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March Star of the Month: Betelgeuse

At 7:14 p.m. local time on March 2 (and four minutes earlier every day thereafter), the bright red star depicting Orion's shoulder shines due south, reaching its highest point. It's name is Betelgeuse, which roughly means "Armpit of the Central One." At 7:14 Eastern Standard Time on March 2, our feature star stands at zenith over Columbia -- or more specifically: 7.41 degrees north latitude and 75 degrees west longitude. The star's angular distance from your zenith at this time tells you your distance from this South American country.*

If you have a hard time making out Betelgeuse's ruddy character, use binoculars to compare its hue to those of other stars. Capella, which sparkles overhead, looks yellow in comparison. You'll see most of Orion's other bight stars radiating blue-white.

Astronomers assure us that color is very revealing of a star's true nature. Generally, blue and blue-white stars are the hottest, shining thousands of times more brightly than our yellow Sun; whereas red stars are the coolest, shining hundreds or thousands of times dimmer than the Sun. Hot, massive stars are thought to have short lifetimes (in millions of years); whereas middle-of-the-road stars (like our Sun) have estimated lifespans of billions of years; and tiny, cool red dwarf stars probably have lifetimes of up to trillions of years.

Red dwarf stars may constitute 80% the number of stars populating our Milky Way Galaxy and perhaps 50% of the Galaxy's stellar mass; yet, if you look upward, you'll see that red-colored stars are more the exception than the rule. That's because red dwarf stars are so faint and small that they can not be seen with the unaided eye. Any red star that you CAN see with the eyes alone -- like Betelgeuse -- has to be something other than a red dwarf.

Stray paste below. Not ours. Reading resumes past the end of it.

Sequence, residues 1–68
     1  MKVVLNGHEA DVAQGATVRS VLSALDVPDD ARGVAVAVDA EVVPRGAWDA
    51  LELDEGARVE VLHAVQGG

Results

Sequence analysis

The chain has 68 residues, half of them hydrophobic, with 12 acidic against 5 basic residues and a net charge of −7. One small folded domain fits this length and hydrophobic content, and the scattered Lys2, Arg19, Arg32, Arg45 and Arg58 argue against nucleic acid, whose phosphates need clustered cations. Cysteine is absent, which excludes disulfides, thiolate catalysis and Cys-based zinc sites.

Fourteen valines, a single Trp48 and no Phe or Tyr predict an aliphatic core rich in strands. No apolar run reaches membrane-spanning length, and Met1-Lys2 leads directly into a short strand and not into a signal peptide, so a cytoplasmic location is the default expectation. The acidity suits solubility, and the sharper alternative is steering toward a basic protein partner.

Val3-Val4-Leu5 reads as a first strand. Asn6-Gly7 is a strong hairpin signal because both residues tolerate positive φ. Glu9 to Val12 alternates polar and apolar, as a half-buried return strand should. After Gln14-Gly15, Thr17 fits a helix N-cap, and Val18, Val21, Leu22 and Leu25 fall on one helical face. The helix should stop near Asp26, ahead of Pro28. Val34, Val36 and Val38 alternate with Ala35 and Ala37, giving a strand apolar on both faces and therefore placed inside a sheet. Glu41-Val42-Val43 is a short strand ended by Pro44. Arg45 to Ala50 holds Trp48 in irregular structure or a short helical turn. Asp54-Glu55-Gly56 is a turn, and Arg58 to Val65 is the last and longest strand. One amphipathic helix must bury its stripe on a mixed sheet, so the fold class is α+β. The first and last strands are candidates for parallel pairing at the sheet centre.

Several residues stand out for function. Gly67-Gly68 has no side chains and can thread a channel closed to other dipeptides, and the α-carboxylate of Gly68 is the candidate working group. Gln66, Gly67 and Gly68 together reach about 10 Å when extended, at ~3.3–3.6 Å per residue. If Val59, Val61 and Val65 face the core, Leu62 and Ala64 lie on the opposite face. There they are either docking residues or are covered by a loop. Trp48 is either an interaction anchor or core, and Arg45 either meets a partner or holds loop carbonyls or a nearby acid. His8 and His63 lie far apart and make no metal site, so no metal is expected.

A naked-eye red star must be either a red giant or a red supergiant, the red color indicating that these stars - unlike red dwarfs - are in the autumn of their years. Betelgeuse is a red supergiant, an enormous rarity among stars. With a radius of around 600 to 700 solar radii, and a luminosity of perhaps 60,000 Suns, this monstrous star would fill the solar system past the orbit of Mars, if it were to replace the Sun. Betelgeuse probably shone as a hot, supermassive blue star in its youth and middle age, but upon reaching old age, swelled into a cool, red supergiant star. (Astronomers predict the Sun will even turn into a red giant some five billions years down the road.) Unlike red giants, however, red supergiants end their lives in supernova explosions.

It's been nearly 400 years since a supernova has been seen in our Milky Way Galaxy, and none has been witnessed in our Galaxy since the invention of the telescope. Astronomers feel Betelgeuse's grand finale is inevitable, but whether it'll come tomorrow or in a few million years is anyone's guess.

* For example, from Potsdam, NY, the star's zenith distance would be about 37.25 degrees. Multiplying 37.25 degrees x 69.2 miles gives about 2578 miles as the crow flies.
Professor Kaler's Stars Page

March Feature: Asteroid Vesta in Virgo